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Marc Fosh

SPAIN - Tourism

Marc Fosh

Chef, Marc Fosh Restaurant


Chef Marc Fosh is one of Europe’s most exciting and creative cookery talents and without doubt one of Britain’s most successful culinary exports. He began his culinary career at London’s Greenhouse restaurant, before moving on to the Michelin-starred Chelsea Room at the Carlton Tower Hotel. Living and working in Spain since 1991, he developed his own unique style of cuisine focusing on fresh ingredients and quality of produce, to which he adds a touch of inspired genius. The result is a modern, yet simple cuisine with clean tastes and big flavors. In 2002, Marc became the first and only British chef to be awarded a Michelin star in Spain.

A Michelin-starred restaurant, Marc Fosh Restaurant has played an important role in elevating the island’s culinary offering since its establishment 13 years ago.

What was your motivation behind establishing a gastronomy business in Mallorca?

I was working in San Sebastián, in northern Spain, which is a celebrated gastronomic destination and was then offered the opportunity to come to Mallorca and open a new hotel. I soon I realized Mallorca was quite an inspiring place to be, located in the middle of the Mediterranean with great produce on your doorstep. My task in Mallorca was, first of all, to understand Mediterranean cuisine and the local ingredients and, then, to develop my own style. When I first came here 28 years ago, Mallorca was a different destination in terms of gastronomy. One of the interesting things, certainly over the past 10 years, has been the realization of the importance of local gastronomy. I opened the Marc Fosh restaurant in Palma 13 years ago, and felt very much in my own in the city. There were not, at that time, any Michelin-starred restaurants in the city. Yet today, Palma has three Michelin-starred restaurants, and the city is starting to develop a very vibrant gastronomic scene.

What role can gastronomy play in the longterm development of the island’s tourism industry?

Both the city of Palma and the island as a whole are embracing quality when it comes to tourism. I opened here in 2009, right after the financial crisis, and was afraid of offering a restaurant that felt exclusive. And then a couple of years later, we got the Michelin star and it made us realize that Mallorca could become a culinary destination. When we are promoting tourism and gastronomy, everything trickles down from the top. If we are going to have people traveling to the island for gastronomy, there is a need for high-level restaurants of great appeal, but also for tapas bars and other types of eatery that all together create an attractive culinary offering. The top-end of the market, and the quality tourism, have bounced back quickly since the worst of COVID-19.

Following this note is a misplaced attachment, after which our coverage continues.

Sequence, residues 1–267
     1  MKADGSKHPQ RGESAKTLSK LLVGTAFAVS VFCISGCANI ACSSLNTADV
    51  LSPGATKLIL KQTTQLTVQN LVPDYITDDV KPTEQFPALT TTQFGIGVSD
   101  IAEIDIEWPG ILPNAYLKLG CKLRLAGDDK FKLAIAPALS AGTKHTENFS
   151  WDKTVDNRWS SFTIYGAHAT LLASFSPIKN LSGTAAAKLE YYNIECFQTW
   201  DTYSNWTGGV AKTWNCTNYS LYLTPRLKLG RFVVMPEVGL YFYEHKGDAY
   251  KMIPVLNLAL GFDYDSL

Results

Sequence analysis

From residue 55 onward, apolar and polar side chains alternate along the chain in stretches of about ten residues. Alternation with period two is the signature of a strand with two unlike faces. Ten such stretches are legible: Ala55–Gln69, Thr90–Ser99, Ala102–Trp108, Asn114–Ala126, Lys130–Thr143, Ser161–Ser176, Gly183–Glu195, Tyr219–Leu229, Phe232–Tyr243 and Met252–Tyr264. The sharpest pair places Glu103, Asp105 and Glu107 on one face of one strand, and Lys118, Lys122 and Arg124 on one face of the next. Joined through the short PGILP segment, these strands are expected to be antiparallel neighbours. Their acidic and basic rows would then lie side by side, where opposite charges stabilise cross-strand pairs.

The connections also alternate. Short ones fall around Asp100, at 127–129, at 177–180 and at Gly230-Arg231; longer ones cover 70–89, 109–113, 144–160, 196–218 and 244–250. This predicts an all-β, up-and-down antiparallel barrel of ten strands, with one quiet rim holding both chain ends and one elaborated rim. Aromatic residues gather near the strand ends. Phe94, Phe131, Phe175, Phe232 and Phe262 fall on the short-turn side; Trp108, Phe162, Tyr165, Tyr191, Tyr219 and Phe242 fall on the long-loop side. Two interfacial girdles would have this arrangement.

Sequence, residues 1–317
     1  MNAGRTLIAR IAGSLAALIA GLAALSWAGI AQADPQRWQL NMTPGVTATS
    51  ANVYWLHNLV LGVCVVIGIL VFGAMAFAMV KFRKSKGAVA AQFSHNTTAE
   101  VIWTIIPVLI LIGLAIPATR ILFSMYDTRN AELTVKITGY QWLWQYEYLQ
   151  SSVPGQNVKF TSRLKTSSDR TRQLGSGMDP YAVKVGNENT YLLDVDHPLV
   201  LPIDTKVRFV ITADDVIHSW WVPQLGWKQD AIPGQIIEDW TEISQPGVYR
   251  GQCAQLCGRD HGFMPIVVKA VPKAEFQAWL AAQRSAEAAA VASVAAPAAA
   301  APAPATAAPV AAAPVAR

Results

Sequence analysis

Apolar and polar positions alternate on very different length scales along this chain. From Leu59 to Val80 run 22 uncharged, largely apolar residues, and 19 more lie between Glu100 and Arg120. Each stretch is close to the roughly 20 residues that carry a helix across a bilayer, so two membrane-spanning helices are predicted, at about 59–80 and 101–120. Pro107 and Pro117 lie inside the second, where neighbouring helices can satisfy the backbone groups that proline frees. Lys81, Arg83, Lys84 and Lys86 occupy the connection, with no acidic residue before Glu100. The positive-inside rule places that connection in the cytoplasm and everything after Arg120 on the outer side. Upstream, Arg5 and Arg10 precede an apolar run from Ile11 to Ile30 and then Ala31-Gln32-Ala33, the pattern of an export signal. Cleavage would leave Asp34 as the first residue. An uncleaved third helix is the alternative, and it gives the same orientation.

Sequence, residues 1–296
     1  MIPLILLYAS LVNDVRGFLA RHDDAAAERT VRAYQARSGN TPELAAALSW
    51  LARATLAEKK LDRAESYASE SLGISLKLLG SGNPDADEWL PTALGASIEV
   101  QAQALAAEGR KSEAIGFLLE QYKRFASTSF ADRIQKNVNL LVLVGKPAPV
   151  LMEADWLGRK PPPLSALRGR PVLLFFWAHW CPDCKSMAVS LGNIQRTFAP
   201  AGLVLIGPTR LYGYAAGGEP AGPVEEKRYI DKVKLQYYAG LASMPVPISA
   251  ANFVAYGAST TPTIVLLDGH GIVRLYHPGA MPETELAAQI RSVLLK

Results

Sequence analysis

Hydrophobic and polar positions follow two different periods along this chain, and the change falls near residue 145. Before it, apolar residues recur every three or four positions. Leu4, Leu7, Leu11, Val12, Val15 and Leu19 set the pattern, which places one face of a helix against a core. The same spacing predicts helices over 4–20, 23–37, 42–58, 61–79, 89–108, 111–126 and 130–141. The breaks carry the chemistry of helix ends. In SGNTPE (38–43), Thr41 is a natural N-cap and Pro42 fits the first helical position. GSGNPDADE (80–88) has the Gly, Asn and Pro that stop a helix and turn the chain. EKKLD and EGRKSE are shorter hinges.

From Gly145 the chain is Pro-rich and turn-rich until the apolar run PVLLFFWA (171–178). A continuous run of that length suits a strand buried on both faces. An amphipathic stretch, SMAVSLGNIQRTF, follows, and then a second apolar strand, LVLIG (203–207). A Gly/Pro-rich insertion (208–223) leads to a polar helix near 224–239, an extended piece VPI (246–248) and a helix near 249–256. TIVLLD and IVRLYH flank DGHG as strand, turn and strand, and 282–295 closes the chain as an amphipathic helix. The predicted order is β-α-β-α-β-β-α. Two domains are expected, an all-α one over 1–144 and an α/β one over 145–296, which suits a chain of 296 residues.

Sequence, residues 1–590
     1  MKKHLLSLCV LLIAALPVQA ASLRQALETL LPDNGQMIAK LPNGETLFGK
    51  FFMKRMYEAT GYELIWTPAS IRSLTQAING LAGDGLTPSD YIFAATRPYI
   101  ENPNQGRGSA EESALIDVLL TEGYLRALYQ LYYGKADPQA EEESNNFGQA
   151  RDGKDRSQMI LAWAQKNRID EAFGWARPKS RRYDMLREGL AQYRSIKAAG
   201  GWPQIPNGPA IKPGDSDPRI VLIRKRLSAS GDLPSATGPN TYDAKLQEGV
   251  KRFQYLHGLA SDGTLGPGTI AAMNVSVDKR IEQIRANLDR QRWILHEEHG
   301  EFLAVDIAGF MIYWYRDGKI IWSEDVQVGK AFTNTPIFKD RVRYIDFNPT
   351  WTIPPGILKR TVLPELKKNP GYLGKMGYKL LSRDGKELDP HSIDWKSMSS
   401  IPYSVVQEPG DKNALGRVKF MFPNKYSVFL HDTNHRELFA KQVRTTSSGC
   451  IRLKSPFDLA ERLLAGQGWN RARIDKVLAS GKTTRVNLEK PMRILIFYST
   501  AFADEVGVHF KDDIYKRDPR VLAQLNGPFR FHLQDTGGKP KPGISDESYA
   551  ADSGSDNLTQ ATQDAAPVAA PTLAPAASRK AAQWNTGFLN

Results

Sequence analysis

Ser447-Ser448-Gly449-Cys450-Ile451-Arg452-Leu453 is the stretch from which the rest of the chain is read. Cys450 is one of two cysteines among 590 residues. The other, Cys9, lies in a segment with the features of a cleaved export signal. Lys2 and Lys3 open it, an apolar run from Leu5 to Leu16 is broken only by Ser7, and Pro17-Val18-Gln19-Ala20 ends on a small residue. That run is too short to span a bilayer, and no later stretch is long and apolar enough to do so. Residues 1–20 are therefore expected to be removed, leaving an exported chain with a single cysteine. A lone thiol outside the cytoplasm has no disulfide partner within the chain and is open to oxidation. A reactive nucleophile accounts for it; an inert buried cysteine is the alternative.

How do you cater to the wide range of tourists that Mallorca receives, while providing a local taste?

One of the benefits of Mallorca is that it is an eclectic mix, as there is a large and diverse tourist profile. When we first opened, I think 60% of our clients were probably German, 30% British, and 10% from the rest of the world. Now, we have noticed over the past few years, a much greater diversity. Although every chef will have their own style and way of doing things, I think that if we can give everyone visiting the island a little taste of the local produce, hopefully they can leave having tasted something very personal, and unique to the island with a clearly Mediterranean feel.

What would be your outlook for the future?

Generally, we have a great clientele supporting us in our endeavors, and motivating us to keep pushing forward. I am hoping that over the next five to 10 years we are going to see an acceleration of Mallorca’s tendency to attract more quality-oriented tourism. Moreover, seasonality will be less of a factor, too, as all stakeholders involved work to create an appealing year-round offering. Hopefully, then, we can transform Mallorca into a 12-month destination, by ensuring that Palma remains a vibrant city, that also has much to offer for weekend breaks. The cultural and gastronomic dimensions will clearly help with this. And starting with Palma as a 12-month destination, we should be able to extend the success to rest of the island.



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